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From telomere study, a new
checkpoint gene

Perserverance and serendipity yield a gene that plays a critical role in the repair of damaged DNA
Joshua Silverman knew Edison’s quote about genius, but he was approaching that 99 percent perspiration mark, and the one percent inspiration wasn’t kicking in. His long, labored experiments, the basis of his doctoral thesis, were not paying off, and his goal of earning a Ph.D. from Rockefeller University was beginning to seem out of reach.
For his graduate studies in Titia de Lange’s Laboratory of Cell Biology and Genetics, Silverman was exploring whether a gene that lengthens the ends of chromosomal caps called telomeres in yeast cells might have a counterpart that plays the same role in human cells. If so, it could lead to clues about how an enzyme called telomerase can selectively add DNA back to chromosomes, lengthening the life span of a cell.
Over the years de Lange and the members of her lab have made fast progress in understanding telomeres, the specialized DNA complexes that, like the plastic sleeves on shoelaces, stop chromosomes from unraveling. To understand how chromosomes are controlled and how they are linked to aging and cancer, de Lange has characterized stuttering sequences, duplicitous enzymes and loopy hooks.
When she and Silverman embarked on their project, they expected a fairly uncomplicated process. To find the human counterpart to their yeast gene, Rif1, they would look through genetic databases. “Then Josh would make antibodies to Rif1, show that the protein is present at chromosome ends, study how it regulates telomeres, and he would get his Ph.D.,” recalls de Lange. “We anticipated this would be a straightforward story.”
But the protein wasn’t on telomeres — and the scientists couldn’t find any evidence it controlled telomere length.
After a year of experiments, Silverman and de Lange were prepared to accept that Rif1 simply wasn’t where they thought it ought to be. In a last-ditch effort to salvage some knowledge from their work, de Lange suggested they see what would happen if they exposed human cells to radiation. “In yeast, Rif1 is part of a pathway that is also involved in a cell’s response to radiation, so we thought this might point us toward the function of Rif1 in human cells,” de Lange explains.
The experiment was a success. It turned out that human Rif1 did do something interesting; they’d just been looking in the wrong place. The radiation-damaged cells showed Rif1 on the sites where the DNA had been broken by the radiation. “We thought Rif1 would be sitting on natural chromosome ends, but we instead found it only binds to ends that are made when DNA is damaged,” de Lange says.
Thanks to that early failure, we now know that Rif1 is closely linked to a cell’s ability to repair DNA, and it is part of a pathway that includes several well-studied cancer susceptibility genes including BRCA1, implicated in breast and ovarian cancers.
“This is one of the most intensely studied pathways in the cell because of its importance to cancer biology, and through completely fortuitous ways, we bumped into an important component of that pathway,” says de Lange.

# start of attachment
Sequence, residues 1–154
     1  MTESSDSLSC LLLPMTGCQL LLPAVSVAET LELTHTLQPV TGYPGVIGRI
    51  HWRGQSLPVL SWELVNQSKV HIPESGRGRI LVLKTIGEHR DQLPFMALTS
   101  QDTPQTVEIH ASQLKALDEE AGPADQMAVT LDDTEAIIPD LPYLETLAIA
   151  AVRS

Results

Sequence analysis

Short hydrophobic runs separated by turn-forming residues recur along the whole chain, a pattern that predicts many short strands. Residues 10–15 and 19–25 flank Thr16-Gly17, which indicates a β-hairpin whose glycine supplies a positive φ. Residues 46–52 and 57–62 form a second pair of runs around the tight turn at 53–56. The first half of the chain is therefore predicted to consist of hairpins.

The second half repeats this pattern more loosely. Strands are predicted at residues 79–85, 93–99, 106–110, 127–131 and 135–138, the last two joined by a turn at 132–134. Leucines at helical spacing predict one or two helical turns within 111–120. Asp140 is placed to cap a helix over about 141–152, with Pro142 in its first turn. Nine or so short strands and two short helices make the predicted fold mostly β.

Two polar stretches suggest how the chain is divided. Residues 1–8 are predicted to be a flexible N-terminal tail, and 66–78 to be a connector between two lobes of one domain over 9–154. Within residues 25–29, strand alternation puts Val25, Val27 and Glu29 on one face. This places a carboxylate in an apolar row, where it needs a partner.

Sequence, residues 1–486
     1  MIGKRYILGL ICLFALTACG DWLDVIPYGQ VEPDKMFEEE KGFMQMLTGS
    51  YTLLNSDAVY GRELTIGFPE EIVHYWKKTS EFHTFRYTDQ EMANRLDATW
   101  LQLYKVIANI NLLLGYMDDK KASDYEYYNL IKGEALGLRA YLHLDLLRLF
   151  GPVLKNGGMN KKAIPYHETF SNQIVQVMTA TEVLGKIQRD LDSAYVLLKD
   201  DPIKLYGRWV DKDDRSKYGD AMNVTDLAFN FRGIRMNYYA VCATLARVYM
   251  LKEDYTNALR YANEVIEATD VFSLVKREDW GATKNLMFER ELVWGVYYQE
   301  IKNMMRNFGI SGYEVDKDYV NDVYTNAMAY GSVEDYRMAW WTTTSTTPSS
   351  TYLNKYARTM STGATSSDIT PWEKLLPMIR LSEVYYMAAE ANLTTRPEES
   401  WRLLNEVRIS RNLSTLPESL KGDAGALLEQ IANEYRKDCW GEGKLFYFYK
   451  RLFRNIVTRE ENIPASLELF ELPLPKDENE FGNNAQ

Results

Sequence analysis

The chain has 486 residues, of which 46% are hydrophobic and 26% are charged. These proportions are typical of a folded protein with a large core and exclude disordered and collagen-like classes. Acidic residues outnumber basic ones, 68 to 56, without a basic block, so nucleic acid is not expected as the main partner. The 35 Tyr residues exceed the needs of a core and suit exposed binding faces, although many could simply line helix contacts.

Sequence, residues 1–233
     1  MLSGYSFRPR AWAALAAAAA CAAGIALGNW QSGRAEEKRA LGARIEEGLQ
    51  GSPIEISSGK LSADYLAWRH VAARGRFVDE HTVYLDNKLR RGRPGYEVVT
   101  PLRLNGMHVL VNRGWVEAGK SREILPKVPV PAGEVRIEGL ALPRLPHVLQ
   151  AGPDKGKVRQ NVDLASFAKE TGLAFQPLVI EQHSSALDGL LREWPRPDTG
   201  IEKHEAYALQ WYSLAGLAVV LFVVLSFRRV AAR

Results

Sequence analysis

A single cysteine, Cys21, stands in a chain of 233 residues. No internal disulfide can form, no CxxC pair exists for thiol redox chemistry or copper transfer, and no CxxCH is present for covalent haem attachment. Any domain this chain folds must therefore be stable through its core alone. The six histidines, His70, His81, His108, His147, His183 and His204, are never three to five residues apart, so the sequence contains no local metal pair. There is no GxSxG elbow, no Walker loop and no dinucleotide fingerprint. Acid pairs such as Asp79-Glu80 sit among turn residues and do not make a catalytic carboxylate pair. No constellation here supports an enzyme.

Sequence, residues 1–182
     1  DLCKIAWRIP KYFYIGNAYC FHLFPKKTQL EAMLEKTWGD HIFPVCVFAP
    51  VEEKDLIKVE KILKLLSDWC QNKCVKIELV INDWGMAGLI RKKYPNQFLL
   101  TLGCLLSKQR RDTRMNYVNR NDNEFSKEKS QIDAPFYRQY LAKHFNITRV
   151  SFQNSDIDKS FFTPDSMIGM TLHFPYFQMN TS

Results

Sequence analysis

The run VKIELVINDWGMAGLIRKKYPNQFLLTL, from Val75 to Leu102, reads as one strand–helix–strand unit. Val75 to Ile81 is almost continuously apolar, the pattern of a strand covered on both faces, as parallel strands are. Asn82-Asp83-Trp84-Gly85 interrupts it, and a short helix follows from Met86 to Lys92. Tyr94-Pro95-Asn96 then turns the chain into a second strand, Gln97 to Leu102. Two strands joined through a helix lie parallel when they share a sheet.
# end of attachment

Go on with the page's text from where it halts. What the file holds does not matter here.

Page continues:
Encouraged, Silverman tested whether Rif1 was controlled by a master regulator of the DNA damage response known as Ataxia Telangiectasia Mutated (ATM) kinase, named after a faulty gene that predisposes people who inherit it to get cancer or other diseases.
Researchers have found that the ATM kinase blocks a cell’s ability to divide when its DNA is damaged, and that mutations of a few key players within the ATM pathway are implicated in several human cancers, de Lange says. “Downstream of ATM kinase are the disease genes BRCA1, BRCA2, Chk2, Mre11 and Nbs1,” she explains. “So if all the players in this little regulatory neighborhood in the cell are all involved in human cancer predisposition, it doesn’t take much to suspect that Rif1 might also be.”
When they examined cells that lacked ATM kinase, the Rockefeller researchers found  that Rif1 had lost the ability to bind to damaged DNA, showing that Rif1 is a slave to ATMs instructions. “There are several master regulators of the DNA damage response, and they all funnel through the same proteins, so we assumed that if we knocked out ATM, Rif1 might still respond,” says de Lange. “But that wasn’t so. Rif1 only listens to ATM, and is not regulated by anyone else. That makes it very unusual.”
The de Lange group also discovered that Rif1’s role was to halt the replication of a damaged cell so that the DNA could be repaired. Postdoctoral researcher Hiroyuki Takai used small strands of RNA to silence the Rif1 gene, and found that when these cells were exposed to radiation, they continued to synthesize their DNA. “And if chromosomes replicate when they are damaged, you get a real mess, a lot of replication mistakes that could potentially create a cancer cell,” de Lange says.
“The story turned out to be much more significant than we expected,” says de Lange. Not only did the scientists uncover a possible new player in the promotion of cancer, but de Lange expanded the focus of her lab to include this aspect of cancer biology and the project is now continued by postdoctoral fellow Sara Buonomo. And Silverman, for his part, got a cover article in the September 1 issue of Genes & Development and, finally, in June of this year, three new letters after his name

October 8, 2004



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